An aviation group says the Government-ordered inquiry into the Civil Aviation Authority isn't sufficiently independent.

Transport minister Phil Twyford says he wants an ''honest and robust'' assessment of the authority's regulatory and internal culture.

But his selection of the Ministry of Transport to do the inquiry has Aviation New Zealand worried.

"'I don't think the MoT is sufficiently independent,'' said the industry body's chief executive John Nicholson.


''The Ministry of Transport has oversight responsibilities for the CAA. It is essential that any suggestion that the ministry had any prior knowledge of such allegations about inappropriate behaviour and culture be ruled out,'' he said.

Claims by staff of bullying and sexual harassment have emerged over the past two months and there is ongoing disquiet in the general aviation sector about how consistently rules are applied.

Nicholson said that given the nature of the allegations and the importance of providing a safe and supportive environment for those involved, so that their claims can be fully investigated, an organisation well versed in undertaking such investigations should be called in.

Twyford said he had confidence in the MoT being able to run the inquiry and said it would use independent, external consultants to look into the staff culture claims.

The ministry's manager of governance and commercial, Ngaire Best, said the inquiry was aimed at establishing whether there are, or have been, any significant areas of concern regarding workplace culture, and how the board has responded to the concerns.

Transport Minister Phil Twyford says he wants an ''honest and robust'' inquiry. Photo / Mark Mitchell
Transport Minister Phil Twyford says he wants an ''honest and robust'' inquiry. Photo / Mark Mitchell

''We also want to be assured the board have the appropriate resources and strategy in place to ensure the wellbeing of all staff, while maintaining, and building, the authority's people capability.''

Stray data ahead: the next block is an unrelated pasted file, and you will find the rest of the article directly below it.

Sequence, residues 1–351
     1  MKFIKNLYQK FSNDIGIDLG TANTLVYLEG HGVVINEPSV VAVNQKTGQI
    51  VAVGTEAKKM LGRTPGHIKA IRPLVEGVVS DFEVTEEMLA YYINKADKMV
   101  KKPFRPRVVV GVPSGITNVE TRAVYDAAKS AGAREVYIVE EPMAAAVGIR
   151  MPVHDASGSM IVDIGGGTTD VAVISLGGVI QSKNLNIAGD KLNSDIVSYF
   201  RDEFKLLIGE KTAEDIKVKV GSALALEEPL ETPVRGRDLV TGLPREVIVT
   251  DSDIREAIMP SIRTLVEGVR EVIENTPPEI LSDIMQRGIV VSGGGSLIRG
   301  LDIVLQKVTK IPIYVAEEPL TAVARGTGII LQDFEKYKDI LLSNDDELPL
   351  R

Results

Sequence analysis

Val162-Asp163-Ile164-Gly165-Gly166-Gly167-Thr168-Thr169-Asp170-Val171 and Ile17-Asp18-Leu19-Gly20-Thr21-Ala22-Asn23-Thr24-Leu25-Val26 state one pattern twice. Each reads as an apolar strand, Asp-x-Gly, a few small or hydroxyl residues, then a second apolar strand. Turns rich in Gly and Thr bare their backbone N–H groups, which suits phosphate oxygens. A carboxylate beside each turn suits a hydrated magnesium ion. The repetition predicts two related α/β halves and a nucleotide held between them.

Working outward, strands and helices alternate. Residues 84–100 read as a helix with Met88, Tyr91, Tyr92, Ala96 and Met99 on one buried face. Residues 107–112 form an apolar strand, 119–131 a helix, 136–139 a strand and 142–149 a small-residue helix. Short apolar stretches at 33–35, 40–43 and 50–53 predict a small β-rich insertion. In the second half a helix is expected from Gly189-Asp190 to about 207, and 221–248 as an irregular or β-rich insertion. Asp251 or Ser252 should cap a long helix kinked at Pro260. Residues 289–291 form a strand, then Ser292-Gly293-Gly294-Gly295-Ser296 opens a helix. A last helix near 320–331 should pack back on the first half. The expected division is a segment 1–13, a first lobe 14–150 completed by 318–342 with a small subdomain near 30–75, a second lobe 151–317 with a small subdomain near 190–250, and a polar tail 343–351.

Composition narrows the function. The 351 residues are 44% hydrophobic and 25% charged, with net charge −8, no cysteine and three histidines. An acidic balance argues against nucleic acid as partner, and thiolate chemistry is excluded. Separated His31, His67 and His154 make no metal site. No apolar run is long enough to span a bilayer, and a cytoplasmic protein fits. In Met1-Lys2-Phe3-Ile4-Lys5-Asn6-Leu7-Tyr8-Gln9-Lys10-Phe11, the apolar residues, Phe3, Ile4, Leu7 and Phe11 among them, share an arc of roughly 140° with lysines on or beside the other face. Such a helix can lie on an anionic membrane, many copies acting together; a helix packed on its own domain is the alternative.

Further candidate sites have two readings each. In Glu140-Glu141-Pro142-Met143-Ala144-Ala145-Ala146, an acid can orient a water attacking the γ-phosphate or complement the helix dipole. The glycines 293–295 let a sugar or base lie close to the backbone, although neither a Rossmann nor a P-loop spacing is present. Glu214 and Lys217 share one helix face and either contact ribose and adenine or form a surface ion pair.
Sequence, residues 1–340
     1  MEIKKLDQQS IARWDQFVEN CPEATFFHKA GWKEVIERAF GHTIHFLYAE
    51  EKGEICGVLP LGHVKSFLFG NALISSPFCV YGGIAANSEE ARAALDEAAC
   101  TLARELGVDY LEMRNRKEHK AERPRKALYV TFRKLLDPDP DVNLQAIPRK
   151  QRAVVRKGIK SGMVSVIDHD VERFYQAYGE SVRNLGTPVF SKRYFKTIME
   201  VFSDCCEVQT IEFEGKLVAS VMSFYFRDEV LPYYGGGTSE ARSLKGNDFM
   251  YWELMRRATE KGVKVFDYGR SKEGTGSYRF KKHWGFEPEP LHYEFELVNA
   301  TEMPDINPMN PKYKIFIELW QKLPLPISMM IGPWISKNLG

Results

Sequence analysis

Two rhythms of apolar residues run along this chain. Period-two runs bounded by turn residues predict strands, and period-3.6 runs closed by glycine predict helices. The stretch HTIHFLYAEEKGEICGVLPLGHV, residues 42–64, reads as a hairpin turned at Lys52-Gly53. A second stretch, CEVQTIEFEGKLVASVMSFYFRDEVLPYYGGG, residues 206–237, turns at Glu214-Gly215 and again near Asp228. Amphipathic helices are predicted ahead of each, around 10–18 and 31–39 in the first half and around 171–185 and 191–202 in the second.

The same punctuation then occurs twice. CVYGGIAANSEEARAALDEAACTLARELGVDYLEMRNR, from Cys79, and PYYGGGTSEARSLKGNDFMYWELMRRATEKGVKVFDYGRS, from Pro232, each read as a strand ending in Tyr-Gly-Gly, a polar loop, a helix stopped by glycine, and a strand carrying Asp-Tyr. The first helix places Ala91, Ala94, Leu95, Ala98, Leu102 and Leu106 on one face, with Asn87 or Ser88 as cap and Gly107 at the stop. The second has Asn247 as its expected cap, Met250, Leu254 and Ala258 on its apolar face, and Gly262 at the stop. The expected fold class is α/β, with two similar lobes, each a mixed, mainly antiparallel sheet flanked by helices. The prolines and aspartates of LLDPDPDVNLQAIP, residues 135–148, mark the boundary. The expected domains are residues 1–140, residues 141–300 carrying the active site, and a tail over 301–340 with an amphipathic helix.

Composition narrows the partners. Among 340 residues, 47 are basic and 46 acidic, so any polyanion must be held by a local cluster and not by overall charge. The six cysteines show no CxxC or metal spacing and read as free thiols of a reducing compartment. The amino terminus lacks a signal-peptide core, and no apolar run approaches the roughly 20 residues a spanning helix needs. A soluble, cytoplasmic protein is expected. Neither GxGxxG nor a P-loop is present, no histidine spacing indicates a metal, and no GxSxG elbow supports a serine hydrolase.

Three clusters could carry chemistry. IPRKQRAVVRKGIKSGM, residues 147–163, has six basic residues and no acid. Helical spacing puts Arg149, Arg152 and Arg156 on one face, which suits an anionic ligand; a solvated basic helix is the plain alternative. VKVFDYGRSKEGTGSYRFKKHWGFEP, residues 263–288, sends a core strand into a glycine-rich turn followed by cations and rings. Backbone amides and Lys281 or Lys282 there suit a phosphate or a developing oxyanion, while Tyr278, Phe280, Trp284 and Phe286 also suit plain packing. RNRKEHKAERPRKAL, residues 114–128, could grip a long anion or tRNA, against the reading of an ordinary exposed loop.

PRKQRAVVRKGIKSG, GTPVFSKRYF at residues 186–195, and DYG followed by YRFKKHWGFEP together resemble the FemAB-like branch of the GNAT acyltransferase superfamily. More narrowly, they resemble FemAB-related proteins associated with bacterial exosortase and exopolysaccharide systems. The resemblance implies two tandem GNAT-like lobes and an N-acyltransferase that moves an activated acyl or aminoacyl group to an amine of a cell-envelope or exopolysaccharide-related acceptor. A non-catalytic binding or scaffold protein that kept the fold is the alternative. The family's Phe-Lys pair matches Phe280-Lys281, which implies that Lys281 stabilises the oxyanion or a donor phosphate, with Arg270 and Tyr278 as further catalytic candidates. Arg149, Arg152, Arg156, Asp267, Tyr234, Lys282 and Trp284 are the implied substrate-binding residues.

Last week Twyford took a swipe at board chairman Nigel Gould for questioning the motives of whistleblowers who had come forward. The minister said he would raise the matter with him.

Best said the investigation had been prioritised by the ministry.


''The terms of reference and appointment of external specialists will be confirmed shortly, together with a proposed timeframe. Any budget allocation for the use of external specialists has not yet been finalised,'' she said.

The CAA says it ''welcomes'' working with the MoT on the issues that have been raised.

Twyford said it was important ''to build and maintain public trust in official government agencies like the CAA especially when they are entrusted with the integrity of aviation safety''.

Aviation New Zealand says it also disappointed by what it calls a lack of vision in the overhaul of the Civil Aviation Act and Airport Authorities Act.

When Twyford released a draft in May, he said the changes covered every part of the aviation sector.

"Measures to improve safety include a new drug and alcohol management scheme for people who work in the sector, clearer powers for aviation security officers as well as amendments which take into account new technology like drones,'' the minister said then

But Nicholson said it was a ''basically a rehash'' of current law and did not position the industry for growth over the next 20 to 30 years.

''Given the consultations that occurred in 2013 and 2014, we expected better. In submissions this time, industry is making many of the same points again.''